by Jeremy Leaming
The National Labor Relations Board (NLRB), a federal agency charged with enforcing the National Labor Relations Act (NLRA), has been a prime target of the Right for decades, but as the agency has garnered the ability to carry out its duties, the right-wing campaign to smear the NLRB is reaching unprecedented levels.
In an extensive piece for Politico, Joseph Williams writes that the “traditional hostility toward the board seemed to reach a new level after the NLRB last month accused the world’s largest aerospace company” of running afoul of a provision of the NLRA that bans employers from retaliating against workers who strike. In the spring the NLRB lodged a complaint against Boeing Co., for moving production of its Dreamliner jet to South Carolina from its Puget Sound, Wash., facility. The board cited public statements from Boeing that it was doing so to avoid strikes by workers. The NLRA makes it illegal for corporations to retaliate against workers who engage in lawful activity, such as striking. The complaint is now before an administrative law judge.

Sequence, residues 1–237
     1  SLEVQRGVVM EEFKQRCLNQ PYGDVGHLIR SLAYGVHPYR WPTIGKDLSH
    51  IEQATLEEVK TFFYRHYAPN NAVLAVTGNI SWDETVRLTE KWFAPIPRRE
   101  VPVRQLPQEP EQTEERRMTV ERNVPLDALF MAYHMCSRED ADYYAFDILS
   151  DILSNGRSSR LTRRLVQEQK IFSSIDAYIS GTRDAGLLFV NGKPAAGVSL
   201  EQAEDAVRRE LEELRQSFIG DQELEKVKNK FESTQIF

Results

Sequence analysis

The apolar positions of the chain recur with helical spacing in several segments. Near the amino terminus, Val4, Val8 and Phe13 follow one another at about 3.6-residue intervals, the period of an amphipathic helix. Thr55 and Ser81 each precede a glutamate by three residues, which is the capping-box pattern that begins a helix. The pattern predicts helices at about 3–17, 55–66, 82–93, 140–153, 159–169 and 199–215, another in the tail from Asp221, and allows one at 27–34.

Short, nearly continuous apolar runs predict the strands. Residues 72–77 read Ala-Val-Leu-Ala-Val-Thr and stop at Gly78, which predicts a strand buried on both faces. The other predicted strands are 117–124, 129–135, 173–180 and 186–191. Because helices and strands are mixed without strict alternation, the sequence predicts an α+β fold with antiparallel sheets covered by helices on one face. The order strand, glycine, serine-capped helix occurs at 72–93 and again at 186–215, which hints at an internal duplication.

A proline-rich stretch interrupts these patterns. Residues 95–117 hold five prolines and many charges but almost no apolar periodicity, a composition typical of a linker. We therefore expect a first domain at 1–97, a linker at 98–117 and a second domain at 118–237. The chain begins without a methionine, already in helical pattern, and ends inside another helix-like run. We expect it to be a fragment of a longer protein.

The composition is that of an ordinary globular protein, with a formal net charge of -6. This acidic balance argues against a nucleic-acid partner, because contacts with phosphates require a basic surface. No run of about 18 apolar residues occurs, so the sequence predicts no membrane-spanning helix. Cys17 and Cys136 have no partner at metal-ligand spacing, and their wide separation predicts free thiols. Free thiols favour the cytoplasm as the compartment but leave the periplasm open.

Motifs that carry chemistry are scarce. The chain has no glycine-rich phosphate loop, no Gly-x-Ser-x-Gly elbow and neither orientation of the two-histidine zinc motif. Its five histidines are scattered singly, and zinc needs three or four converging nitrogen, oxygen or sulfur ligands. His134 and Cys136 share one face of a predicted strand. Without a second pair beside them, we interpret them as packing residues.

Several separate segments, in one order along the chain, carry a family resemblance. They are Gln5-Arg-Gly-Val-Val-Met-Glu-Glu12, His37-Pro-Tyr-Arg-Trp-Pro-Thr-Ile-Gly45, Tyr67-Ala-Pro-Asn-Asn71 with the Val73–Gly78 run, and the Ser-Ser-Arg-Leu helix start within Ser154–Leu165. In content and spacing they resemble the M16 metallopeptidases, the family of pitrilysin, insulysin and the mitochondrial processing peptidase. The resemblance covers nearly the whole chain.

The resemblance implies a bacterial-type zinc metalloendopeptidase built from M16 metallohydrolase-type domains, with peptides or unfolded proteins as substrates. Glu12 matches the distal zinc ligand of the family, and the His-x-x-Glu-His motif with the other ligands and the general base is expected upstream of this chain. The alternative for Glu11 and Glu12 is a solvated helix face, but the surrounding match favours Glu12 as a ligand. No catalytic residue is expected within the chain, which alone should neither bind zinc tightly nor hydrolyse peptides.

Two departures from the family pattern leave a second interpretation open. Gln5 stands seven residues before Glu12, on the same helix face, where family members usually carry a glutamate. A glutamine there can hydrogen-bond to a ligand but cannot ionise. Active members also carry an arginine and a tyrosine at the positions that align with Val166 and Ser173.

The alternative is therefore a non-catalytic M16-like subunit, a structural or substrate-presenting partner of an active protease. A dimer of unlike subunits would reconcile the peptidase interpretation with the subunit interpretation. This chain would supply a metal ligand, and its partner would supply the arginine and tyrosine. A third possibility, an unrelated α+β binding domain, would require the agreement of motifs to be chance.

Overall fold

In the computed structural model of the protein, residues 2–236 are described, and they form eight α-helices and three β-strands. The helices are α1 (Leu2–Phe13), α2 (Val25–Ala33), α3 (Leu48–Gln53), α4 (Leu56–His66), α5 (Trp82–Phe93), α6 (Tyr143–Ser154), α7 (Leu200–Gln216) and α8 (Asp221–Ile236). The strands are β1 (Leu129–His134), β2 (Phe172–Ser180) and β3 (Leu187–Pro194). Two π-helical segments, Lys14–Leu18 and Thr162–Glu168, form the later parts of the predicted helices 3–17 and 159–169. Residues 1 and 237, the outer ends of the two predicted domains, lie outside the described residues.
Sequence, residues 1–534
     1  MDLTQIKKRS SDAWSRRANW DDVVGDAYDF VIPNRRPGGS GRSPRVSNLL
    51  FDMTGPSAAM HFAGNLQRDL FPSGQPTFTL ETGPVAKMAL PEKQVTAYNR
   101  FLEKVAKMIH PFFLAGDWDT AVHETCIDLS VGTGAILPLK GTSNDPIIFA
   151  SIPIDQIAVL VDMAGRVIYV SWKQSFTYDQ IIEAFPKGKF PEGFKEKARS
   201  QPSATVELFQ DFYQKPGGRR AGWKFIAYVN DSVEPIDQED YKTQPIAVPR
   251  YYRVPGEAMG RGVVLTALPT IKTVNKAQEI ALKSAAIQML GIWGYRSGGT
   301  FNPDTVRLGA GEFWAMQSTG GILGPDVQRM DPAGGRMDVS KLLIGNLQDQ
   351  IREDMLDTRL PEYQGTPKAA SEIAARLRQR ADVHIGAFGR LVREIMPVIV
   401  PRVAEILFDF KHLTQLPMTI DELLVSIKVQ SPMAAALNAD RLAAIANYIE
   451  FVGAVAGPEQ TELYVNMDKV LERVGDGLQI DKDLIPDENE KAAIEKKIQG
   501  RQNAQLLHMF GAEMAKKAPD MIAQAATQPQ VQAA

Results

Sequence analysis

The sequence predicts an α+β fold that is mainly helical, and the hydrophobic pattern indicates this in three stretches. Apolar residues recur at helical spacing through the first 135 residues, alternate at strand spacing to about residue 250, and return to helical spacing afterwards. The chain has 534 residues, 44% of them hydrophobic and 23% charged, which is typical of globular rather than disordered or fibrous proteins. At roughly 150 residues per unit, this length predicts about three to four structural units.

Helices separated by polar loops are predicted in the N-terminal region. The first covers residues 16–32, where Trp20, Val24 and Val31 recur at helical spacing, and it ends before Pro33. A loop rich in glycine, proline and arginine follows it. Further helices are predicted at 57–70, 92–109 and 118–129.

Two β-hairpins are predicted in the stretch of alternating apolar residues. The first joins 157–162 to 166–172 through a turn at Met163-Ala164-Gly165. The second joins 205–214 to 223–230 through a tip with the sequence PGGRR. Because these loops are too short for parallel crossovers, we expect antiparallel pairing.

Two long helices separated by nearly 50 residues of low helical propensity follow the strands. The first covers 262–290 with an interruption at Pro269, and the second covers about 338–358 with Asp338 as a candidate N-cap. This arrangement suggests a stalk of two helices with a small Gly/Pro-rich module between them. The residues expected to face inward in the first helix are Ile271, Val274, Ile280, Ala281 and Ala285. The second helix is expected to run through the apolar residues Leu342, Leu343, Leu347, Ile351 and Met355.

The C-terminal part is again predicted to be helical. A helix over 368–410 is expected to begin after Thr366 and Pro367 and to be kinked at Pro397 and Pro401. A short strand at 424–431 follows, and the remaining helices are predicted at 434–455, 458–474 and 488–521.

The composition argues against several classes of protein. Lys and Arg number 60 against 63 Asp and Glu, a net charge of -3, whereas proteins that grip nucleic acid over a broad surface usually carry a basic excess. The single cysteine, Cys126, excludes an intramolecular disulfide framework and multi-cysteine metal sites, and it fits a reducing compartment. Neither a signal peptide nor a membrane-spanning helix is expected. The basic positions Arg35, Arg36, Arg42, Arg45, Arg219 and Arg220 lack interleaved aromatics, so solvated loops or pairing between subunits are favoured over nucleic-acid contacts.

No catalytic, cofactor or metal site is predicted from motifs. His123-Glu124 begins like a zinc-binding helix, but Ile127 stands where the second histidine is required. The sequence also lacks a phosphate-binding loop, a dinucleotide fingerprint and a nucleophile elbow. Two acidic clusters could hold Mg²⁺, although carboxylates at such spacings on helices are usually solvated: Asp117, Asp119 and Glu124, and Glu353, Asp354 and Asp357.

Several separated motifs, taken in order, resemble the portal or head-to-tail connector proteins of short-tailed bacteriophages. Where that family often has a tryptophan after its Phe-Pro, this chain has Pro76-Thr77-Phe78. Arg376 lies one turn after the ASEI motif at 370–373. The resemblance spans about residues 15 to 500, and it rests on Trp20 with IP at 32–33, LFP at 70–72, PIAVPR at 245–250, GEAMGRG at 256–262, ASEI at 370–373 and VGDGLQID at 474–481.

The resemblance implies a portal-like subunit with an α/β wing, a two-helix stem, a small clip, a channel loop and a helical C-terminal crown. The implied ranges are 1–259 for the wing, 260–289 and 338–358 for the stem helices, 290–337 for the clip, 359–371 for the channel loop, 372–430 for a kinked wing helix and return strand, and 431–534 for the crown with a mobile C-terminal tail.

The Right and Republicans in Congress have been howling over the complaint for months, dragging NLRB members before congressional hearings and tarring the board as a shill for unions. Others, however, have argued that the NLRB, hobbled during the George W. Bush administration, is finally back in business. (As Politico notes, the NLRB for two years went without enough members to form a quorum thereby effectively blocking the board’s ability to conduct its work.)
Republican politicians are still striving to constrain the NLRB’s ability to function. Politico notes that two of the agency’s board members’ terms will soon expire, and that Republicans have indicated they will not make it easy for the administration to fill the vacancies. If that happens, the boards “activities would grind to a halt, and the backlog of more than 200 cases, including some left over from the President W. Bush era, would languish.”
In a recent guest blog post, University of Richmond law school Professor Ann C. Hodges, explains why the criticism over the NLRB’s Boeing complaint is unfounded.